Achebe integrates character and incident through imagery that is tropical. Okonkwo's character is compared to roaring thunder; flamer of fire; as contrasted to Unoka the weakling who dies through ailing and Nwoye who is compared to 'Cold Ash', and a bowl of foo foo could throw him down. The positive abilities of Okonkwo show us the importance the Ibo attached to physical strength. It is through the use of proverb and similes that Achebe develops his theme on this subject. (p. 4)

Arrow of God has taken the same 'Ibo in English' dialogue-like style [as Things Fall Apart]. In fact Achebe's wise invention of the [District Commissioner's] book gives a setting for Arrow of God; because that is when the British Government has taken root in Nigeria and the D.C.'s book is being used for guidance in administration. It can be noted Achebe attaches a lot of importance to dialogue when he is representing a traditional Ibo society. Where dialogue fails, the means of communication is cut and destruction follows. Ezeulu's failure can be...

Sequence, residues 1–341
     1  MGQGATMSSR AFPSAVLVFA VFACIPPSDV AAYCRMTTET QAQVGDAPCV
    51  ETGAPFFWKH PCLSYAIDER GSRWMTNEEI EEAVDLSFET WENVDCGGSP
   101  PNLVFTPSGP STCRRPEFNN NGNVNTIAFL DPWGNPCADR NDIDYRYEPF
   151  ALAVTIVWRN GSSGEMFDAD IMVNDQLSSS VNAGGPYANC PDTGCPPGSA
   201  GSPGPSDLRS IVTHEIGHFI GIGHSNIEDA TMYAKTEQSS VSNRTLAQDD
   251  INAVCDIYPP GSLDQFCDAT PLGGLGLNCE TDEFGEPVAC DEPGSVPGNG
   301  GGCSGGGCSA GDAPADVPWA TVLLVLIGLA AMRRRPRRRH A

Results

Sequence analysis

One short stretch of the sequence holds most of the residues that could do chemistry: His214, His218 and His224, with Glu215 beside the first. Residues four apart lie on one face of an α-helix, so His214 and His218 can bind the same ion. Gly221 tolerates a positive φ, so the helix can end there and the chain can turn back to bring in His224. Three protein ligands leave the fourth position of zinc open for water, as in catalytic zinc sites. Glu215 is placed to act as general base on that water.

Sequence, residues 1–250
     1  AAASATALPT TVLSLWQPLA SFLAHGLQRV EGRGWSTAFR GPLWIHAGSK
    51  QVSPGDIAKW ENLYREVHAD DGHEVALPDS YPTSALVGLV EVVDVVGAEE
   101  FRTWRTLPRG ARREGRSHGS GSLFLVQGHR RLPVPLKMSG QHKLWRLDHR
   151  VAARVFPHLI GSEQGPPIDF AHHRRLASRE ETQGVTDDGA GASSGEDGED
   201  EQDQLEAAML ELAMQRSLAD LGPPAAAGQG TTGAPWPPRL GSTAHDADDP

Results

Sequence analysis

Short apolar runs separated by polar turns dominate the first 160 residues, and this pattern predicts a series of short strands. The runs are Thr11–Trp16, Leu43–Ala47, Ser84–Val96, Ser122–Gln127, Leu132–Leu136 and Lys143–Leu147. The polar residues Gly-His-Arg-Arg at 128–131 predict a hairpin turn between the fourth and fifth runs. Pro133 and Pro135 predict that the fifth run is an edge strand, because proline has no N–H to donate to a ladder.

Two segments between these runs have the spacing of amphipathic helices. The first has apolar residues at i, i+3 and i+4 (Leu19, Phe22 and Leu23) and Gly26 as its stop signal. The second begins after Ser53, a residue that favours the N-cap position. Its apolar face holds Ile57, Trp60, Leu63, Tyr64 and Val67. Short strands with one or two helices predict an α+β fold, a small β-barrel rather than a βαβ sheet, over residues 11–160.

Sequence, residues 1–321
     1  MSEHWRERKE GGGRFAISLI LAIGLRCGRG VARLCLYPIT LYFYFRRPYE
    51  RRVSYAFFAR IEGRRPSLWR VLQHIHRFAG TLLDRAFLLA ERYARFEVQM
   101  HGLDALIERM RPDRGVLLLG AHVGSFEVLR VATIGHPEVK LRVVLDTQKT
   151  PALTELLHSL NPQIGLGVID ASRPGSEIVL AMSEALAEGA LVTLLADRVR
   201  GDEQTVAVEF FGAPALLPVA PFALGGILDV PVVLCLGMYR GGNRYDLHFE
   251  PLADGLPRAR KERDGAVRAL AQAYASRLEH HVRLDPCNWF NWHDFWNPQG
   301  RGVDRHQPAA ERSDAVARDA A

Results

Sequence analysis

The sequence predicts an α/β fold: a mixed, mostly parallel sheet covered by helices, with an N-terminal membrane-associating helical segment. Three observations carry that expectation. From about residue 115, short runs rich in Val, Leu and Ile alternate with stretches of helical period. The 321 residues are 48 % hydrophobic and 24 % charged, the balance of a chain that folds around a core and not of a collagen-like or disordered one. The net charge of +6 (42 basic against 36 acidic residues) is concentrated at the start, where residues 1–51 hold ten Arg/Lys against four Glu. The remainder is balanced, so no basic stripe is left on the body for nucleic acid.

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Philip Rogers

(Contemporary Literary Criticism)